In a new installment from his "Ill Doctrine" series of videos, Jay Smooth discussed Gov. Mitt Romney (R-MA)'s speech to the NAACP and wondered exactly why the presumptive Republican nominee made his decision to address the group at all.
"Wow," said Smooth at the clip's opening, "It's been a big week for Mitt Romney pretending to be interested in black people."
He said that on the one hand, Romney's decision to address the NAACP's annual convention in Chicago could be seen as a genuine good faith outreach effort, except for one thing.
"Later that same day, he was on Fox News telling them that he expected to get booed when he made his half-hearted shot at Obama's health care reform," Smooth said, "and then later on in that same day when he was speaking to his base in Montana, Romney puffed out his chest and started bragging and boasting about how he told the NAACP crowd what time it was and how he didn't care if they liked it or not," making up details and saying he'd said things that he didn't (and wouldn't) say to the crowd's face.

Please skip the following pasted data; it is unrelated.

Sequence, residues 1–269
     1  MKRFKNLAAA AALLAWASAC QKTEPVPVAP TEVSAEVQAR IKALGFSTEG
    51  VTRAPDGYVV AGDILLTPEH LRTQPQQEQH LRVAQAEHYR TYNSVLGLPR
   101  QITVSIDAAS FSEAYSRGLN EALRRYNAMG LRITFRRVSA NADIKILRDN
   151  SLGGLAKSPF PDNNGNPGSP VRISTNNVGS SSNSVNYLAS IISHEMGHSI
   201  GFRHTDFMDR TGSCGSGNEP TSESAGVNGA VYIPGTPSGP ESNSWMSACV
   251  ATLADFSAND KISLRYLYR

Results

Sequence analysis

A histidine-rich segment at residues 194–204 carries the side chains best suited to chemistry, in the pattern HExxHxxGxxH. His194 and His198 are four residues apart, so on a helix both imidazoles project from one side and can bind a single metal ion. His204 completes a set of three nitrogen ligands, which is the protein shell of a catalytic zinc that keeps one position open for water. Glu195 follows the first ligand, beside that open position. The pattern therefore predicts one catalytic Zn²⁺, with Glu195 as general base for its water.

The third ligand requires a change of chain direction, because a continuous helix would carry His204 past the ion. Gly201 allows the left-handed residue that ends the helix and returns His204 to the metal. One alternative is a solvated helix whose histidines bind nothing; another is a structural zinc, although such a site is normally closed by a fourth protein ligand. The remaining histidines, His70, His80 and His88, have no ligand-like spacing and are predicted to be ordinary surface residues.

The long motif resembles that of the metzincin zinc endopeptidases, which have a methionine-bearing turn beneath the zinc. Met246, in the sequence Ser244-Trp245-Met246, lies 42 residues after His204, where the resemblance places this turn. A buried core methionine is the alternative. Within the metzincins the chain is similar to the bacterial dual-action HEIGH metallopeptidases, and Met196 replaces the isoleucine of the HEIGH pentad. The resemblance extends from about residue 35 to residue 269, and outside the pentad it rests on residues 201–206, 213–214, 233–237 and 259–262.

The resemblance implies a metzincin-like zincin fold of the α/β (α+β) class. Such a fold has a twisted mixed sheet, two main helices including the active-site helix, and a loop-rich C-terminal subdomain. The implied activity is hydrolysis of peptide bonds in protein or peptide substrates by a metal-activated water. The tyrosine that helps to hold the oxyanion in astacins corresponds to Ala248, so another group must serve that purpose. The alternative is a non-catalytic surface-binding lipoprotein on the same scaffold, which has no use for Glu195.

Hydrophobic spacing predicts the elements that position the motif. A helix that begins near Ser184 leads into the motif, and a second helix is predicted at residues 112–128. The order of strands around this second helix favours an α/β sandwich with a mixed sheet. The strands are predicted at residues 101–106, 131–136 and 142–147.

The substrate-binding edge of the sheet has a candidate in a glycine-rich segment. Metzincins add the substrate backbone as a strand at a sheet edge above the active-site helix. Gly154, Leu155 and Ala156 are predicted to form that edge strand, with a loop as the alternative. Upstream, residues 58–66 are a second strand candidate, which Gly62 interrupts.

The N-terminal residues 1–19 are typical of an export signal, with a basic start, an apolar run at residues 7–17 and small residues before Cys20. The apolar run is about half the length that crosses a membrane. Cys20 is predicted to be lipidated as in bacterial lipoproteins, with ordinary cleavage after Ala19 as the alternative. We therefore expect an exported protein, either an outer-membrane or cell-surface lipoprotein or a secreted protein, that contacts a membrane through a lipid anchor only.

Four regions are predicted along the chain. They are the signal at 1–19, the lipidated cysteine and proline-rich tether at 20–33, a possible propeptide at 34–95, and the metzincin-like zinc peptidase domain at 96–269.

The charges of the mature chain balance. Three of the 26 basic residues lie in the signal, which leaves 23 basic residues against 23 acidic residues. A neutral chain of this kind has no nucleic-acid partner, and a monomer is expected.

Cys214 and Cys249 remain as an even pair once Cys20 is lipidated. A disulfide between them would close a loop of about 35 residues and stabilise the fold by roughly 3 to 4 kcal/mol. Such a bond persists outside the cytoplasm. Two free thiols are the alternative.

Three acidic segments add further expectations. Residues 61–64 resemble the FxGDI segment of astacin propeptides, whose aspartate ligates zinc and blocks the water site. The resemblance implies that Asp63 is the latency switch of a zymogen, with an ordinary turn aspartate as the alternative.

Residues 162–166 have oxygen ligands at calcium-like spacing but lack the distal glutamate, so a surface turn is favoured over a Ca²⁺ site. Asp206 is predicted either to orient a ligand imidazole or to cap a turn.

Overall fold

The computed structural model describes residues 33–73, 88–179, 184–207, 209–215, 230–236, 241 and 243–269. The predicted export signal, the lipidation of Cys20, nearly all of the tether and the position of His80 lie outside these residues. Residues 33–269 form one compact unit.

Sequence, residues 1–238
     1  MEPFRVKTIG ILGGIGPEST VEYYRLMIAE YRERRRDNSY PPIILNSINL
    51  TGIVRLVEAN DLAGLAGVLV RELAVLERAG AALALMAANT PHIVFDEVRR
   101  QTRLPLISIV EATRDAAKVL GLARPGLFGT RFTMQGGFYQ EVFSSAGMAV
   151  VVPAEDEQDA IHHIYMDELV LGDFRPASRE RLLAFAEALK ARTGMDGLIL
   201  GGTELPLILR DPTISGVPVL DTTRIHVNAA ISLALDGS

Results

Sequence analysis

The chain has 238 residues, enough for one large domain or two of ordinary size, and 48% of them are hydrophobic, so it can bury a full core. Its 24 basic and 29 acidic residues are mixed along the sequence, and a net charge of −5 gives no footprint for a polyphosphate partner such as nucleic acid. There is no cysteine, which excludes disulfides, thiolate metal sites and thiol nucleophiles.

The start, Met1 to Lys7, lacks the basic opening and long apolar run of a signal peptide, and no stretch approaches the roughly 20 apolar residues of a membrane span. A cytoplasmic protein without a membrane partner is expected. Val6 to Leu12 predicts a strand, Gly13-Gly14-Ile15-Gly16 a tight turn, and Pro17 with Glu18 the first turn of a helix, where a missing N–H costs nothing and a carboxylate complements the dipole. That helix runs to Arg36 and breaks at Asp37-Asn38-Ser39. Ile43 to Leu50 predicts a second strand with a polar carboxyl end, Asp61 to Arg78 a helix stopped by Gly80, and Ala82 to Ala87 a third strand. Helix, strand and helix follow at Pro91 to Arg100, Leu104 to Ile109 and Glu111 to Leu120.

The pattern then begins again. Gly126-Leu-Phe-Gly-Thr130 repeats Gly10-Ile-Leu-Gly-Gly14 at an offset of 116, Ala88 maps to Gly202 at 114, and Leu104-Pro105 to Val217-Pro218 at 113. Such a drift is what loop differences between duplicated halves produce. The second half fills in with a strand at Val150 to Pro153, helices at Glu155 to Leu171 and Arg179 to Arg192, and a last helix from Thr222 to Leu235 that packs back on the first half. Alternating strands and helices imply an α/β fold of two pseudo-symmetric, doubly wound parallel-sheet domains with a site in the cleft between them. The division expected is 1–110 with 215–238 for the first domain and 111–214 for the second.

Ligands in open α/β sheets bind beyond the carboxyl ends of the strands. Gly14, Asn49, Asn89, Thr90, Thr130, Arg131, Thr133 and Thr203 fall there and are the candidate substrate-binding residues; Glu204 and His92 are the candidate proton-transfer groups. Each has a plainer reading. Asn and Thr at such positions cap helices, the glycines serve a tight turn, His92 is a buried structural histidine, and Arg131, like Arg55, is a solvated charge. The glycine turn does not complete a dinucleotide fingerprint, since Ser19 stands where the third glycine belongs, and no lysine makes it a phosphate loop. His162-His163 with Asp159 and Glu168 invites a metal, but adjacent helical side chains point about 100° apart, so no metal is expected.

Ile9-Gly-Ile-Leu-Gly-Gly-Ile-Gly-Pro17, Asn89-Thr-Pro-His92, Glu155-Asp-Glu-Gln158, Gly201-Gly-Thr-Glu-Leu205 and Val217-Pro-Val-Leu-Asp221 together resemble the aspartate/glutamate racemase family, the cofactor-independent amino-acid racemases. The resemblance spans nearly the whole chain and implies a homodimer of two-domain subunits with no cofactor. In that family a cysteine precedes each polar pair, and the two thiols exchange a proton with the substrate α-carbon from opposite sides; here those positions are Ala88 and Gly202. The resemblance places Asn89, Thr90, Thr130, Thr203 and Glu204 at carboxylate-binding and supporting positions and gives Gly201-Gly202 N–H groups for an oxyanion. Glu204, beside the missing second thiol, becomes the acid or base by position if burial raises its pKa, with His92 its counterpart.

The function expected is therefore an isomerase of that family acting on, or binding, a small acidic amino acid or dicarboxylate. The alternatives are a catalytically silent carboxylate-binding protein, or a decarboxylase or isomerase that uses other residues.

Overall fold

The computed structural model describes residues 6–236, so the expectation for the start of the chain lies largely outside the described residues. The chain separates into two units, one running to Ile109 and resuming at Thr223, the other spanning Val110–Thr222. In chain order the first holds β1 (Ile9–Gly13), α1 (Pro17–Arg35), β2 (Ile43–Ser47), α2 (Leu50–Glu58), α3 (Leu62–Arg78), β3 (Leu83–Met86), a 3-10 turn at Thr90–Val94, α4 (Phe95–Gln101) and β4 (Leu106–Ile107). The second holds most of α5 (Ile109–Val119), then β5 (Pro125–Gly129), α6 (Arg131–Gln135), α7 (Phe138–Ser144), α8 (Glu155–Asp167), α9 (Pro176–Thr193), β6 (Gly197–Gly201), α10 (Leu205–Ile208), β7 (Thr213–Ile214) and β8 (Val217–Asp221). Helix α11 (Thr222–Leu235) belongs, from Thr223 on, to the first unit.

Taken in that light, Romney's outreach effort look a lot less like good faith and more like a cynical political move to ingratiate himself with the Republican Party's racist wing.
Regardless, Smooth said, the situation didn't get long to simmer before it was pushed to the back burner by questions about Romney's tenure at Bain Capital. Romney's campaign tried to change the subject by floating a trial balloon about Condi Rice serving as the former Massachusetts governor's running mate, a move that Smooth wrote off as a cynical distraction. Rice, he said, is way too moderate on social issues to appeal to the GOP base.
The campaign, he said, was "grabbing Condoleezza Rice and throwing her on the floor like a smoke pellet so they could run out of the room," which, really, is pretty typical Republican strategy, treating women and minorities as props and 'Get Out of Jail Free' cards rather than actually thinking of them as equals.
That's two times in a week, though, that the Romney campaign has pretended to be interested in black people for political expediency. Related? Coincidence? You be the judge.
But if the campaign wants to try something new and crazy, Smooth said, maybe Romney should "try something completely whacky and being an honorable man and standing up to your party's voter suppression efforts."
Haha, Jay Smooth. Right.
Watch the clip, embedded via Vimeo, below: